Bangladesh dropped from US watch list over Violation Of Minorities’ Rights

 Rezaul Karim

The United States Commission on International Religious Freedom (USCIRF), a US Congressional panel, dropped Bangladesh from its Watch List of countries deemed to violate minorities’ right to religious freedom. The absence of measures to promote minority voting rights and the failure of the government to investigate the severe anti-minority violence of 2001 were among the reasons for which Bangladesh was placed in the Watch List from 2005 to 2008. However, in light of the positive developments witnessed during the December 29, 2008 general elections, the commission removed Bangladesh from its Watch List of 2009. 

 The report said at that time the Bangladesh Nationalist Party (BNP)-led government failed to investigate or prosecute acts of severe violence, including killings, rape, land seizures, arson, and extortion committed against religious minorities, particularly Hindus, who were perceived to be allied to the then-opposition Awami League. Despite these improvements, USCIRF report said Bangladesh continues to have outstanding religious freedom issues and face threats from religious extremism. dhaka_bangladesh_4112

According to the report, the BNP led by Khaleda Zia shared power with Islamist parties during 2001-06, when the country witnessed an unprecedented rise in religious intolerance. After refusing to for long, the BNP-led alliance government, in the face of protests at home and an international outcry, banned four Islamist outfits

 Aided by the expansion of Islamic schools (madrasas) and charities, many of which receive foreign funding with varying degrees of government oversight, Islamist activists have gained significantly in political, economic, and social influence in recent years, the commission’s report reads. Members of Jamaat-e-Islami allegedly used their influence in the previous BNP-led government to deny funding disadvantaged groups viewed as opposing Jamaat’s Islamist political and social agenda, it said.

 It said the caretaker government was widely criticised by international and local human rights agencies for serious human rights abuses, including suspected extrajudicial killings by security forces, arbitrary detentions, torture, curbs on press freedom, and violations of the right to due process.

 During the 2007-2008 emergency period, the commission said Islamist groups rose in political prominence and public visibility. In September 2007, emergency restrictions on assembly were apparently waived to allow Jamaat and other Islamist supporters burn effigies and stage public protests against the publication of a newspaper cartoon they believed mocked an element of Bangladeshi Islamic culture. Cartoonist Arifur Rahman was jailed without charge for six months. In March 2008, restrictions on assembly were again ostensibly lifted to allow protests by Islamic groups against a policy proposed by a consortium of women’s organisations to strengthen constitutional provision for the equal rights of women. In October 2008, federal agencies removed five sculptures of traditional Bengali musicians opposite Zia International Airport in Dhaka at the behest of Islamic leaders, who allegedly deemed the sculptures un-Islamic.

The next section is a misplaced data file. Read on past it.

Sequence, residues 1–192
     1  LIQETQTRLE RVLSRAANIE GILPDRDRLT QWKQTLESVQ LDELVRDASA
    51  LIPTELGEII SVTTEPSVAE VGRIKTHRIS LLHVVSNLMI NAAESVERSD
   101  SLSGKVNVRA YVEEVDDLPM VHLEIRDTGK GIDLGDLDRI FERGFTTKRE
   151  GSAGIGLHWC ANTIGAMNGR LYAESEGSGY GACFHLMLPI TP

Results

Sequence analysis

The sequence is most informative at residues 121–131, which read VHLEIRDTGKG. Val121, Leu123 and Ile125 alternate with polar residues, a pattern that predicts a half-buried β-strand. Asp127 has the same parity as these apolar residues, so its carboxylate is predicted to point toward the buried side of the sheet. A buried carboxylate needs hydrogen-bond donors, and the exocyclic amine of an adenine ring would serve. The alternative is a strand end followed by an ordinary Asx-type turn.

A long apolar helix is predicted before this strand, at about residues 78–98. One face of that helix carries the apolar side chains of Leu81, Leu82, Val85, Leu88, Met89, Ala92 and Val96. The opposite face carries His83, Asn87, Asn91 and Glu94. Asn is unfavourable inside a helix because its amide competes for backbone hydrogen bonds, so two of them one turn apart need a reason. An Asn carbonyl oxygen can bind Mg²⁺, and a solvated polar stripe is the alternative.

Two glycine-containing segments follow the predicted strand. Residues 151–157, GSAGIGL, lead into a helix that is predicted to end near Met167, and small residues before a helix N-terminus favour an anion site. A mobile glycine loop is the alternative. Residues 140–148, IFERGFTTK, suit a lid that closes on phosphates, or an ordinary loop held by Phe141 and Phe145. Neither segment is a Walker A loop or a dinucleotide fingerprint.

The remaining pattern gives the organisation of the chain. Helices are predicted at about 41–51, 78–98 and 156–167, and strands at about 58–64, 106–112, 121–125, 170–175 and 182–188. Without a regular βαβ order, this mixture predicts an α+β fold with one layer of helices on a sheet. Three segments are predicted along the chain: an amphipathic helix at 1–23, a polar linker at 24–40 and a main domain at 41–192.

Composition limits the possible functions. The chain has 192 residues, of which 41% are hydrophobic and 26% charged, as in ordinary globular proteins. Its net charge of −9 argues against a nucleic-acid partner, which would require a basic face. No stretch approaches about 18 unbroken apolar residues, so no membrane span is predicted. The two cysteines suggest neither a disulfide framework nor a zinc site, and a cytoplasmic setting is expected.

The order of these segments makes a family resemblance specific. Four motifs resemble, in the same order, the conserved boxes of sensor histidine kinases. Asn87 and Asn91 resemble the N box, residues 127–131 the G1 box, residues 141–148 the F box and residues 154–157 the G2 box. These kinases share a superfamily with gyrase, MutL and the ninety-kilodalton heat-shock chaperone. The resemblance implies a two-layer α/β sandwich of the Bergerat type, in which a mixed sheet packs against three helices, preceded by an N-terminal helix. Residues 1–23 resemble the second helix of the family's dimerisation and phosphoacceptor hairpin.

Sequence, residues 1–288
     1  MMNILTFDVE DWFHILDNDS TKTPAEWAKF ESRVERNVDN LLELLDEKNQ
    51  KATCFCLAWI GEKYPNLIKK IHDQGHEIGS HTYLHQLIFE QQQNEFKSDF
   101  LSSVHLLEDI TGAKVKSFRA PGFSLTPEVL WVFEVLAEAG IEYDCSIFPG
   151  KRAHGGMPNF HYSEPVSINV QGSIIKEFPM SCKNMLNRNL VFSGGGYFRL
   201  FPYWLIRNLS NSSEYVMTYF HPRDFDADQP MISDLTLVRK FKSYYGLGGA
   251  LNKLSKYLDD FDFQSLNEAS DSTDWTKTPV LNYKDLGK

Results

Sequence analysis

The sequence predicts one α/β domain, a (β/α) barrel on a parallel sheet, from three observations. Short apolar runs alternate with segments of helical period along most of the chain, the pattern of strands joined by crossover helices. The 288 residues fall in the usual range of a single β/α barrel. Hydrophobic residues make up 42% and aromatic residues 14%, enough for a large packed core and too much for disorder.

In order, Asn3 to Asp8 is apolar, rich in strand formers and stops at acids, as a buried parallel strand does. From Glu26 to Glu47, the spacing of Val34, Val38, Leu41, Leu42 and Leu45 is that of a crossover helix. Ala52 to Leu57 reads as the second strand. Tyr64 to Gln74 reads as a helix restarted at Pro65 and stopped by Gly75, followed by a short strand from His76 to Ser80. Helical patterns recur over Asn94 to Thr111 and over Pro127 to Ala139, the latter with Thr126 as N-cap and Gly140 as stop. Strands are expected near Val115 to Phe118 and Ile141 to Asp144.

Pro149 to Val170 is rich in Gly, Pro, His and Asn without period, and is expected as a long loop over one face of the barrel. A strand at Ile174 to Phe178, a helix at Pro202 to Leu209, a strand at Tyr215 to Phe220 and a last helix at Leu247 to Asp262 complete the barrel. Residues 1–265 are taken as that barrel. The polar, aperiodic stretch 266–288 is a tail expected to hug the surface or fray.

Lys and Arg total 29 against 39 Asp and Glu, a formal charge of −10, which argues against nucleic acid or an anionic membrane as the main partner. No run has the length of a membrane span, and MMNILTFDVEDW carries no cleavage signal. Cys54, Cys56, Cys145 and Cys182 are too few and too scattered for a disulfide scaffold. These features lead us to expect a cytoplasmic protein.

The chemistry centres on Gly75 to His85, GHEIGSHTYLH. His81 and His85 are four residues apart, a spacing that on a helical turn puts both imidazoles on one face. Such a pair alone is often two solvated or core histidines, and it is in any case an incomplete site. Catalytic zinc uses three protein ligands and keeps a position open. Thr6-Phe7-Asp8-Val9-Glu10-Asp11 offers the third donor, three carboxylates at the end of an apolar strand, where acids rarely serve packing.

Turning to minorities situation, it said although the constitution provides protections for women and minorities, Hindus, Buddhists, Christians, Ahmadiyyas, and other minorities must regularly grapple with societal discrimination, as well as face prejudice that hinders their ability to access public services, the legal system, and government, military, and police employment.

 The commission recommended that the US government encourage the new government of Bangladesh to take early actions on the following issues and ensure consistent implementation.

1. Investigate and prosecute perpetrators of the anti-minority violence that occurred in the wake of the 2001 national elections.

 2. Repeal the Vested Property Act and commit to restoring or compensating owners for properties seized, including the heirs of original owners.

 3. Rescind the 2004 order banning Ahmadiyya publications, and ensure adequate police response to attacks against Ahmadiyyas.

4. Enforce all provisions of the Chittagong Hill Tracts Peace Accord and declare that members of Bangladesh’s tribal communities are deserving of the full rights of Bangladeshi citizenship.

5. Create and support the promised National Human Rights Commission, which should be independent, adequately funded, inclusive of women and minorities, and defined by a broad mandate that includes freedom of religion or belief.

6. Include in all public and madrasa school curricula, textbooks, and teacher trainings information on tolerance and respect for freedom of religion or belief.

7. Ensure that members of minority communities have equal access to government services and public employment, including the judiciary and high-level government positions.

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One response to “Bangladesh dropped from US watch list over Violation Of Minorities’ Rights

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